New recognition for a legendary perfect season
The 1984-85 Ooks men’s hockey team will be inducted into the Alberta Sports Hall of Fame, more than 3 decades after completing a perfect season, a rarity in any sport.
The announcement was made this morning, with the induction to take place May 26 in Red Deer at the Alberta Sports Hall of Fame and Museum. This adds to accolades that include induction into the Alberta Hockey Hall of Fame in 2012 and the NAIT Athletics Wall of Fame in 2007.
“It’s hard to put in perspective,” says Cleo Rowein (Air Conditioning Engineering Technology '84, Sheet Metal Worker '85. ), the team’s starting goalie.
“Back in the day, when we were playing, we never thought about breaking records. It was just a matter of, ‘We’re going to be as successful as we could be.’ Our goal was to win a national championship.”
That they did, and more.
The powerhouse team didn’t lose a single game in the 1984-85 regular and post-season – a first at the time for an Alberta team – becoming the Alberta Colleges Athletic Conference (ACAC) and Canadian Colleges Athletic Association (CCAA) champions.
The team won 25 regular season games, 5 playoff games and 3 national championship games, setting several ACAC records.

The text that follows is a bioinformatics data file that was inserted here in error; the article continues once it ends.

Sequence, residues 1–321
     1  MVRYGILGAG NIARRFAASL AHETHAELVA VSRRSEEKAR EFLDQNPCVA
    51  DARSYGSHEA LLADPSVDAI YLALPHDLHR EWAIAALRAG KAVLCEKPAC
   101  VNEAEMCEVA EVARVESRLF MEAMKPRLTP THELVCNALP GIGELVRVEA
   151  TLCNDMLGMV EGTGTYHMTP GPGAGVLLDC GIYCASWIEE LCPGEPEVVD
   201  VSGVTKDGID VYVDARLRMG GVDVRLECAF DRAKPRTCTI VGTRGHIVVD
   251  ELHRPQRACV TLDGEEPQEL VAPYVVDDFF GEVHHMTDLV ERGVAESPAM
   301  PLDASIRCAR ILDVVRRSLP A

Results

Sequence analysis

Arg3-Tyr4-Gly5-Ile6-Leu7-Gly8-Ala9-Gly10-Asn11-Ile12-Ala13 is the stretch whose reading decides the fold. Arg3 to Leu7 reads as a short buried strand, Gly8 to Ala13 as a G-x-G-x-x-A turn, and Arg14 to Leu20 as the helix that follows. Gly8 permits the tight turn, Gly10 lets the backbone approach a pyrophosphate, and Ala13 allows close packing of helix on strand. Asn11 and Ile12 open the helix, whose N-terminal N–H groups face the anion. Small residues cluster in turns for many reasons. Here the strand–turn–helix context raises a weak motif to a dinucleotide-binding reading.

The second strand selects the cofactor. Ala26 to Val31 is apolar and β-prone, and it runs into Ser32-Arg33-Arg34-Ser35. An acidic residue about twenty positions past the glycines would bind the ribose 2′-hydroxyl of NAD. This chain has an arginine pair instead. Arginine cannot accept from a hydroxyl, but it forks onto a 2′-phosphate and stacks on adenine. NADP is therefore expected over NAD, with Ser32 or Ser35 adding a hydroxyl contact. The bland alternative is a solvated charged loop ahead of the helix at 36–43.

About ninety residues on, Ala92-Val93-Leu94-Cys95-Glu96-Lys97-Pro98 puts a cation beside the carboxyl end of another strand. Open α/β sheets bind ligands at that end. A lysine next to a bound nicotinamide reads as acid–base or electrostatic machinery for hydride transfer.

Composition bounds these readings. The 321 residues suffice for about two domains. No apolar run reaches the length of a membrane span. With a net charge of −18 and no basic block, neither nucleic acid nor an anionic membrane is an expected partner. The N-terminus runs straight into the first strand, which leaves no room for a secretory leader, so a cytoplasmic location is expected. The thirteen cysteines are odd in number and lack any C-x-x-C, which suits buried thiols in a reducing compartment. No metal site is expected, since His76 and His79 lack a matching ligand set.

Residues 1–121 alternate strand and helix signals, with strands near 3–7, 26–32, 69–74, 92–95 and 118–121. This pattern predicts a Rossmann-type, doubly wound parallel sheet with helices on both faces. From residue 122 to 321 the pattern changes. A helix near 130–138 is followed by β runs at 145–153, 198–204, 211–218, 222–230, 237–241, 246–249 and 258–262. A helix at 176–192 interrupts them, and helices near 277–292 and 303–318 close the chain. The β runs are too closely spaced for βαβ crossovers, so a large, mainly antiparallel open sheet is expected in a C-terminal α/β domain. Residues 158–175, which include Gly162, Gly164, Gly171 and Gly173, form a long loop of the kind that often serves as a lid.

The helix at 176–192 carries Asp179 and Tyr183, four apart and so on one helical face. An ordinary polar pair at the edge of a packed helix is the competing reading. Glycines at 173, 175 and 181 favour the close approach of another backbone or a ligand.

Amazingly, the Ooks men’s hockey team did it again in 2015-16, completing another perfect season with a 36-0-0 record.
Rowein, who received a NAIT Alumni Award of Distinction in 2004, attended one of the final 2015-16 playoff games.
“I’ll be honest, I get goosebumps in (the NAIT Arena),” he says, recalling being impressed at the game play.
“It made me proud all over again.”
That pride sticks with you for a lifetime, says 84-85 captain Tom Tookey (Instrumentation Engineering Technology ’86).
He looks back fondly on the historic season – grateful for his coaches, assistant coaches and instructors (who were occasionally understanding if an assignment was late due to hockey commitments, Tookey says).
The bonds between teammates last a lifetime, he says.
“[Former head coach] Perry Pearn is a great man, a great friend,” says Tookey. “He was very tough on us, but he also taught us life skills. In many ways he was instructor – teaching us dressing room 101 – how to function as a team, how to get out there and fight the battles.”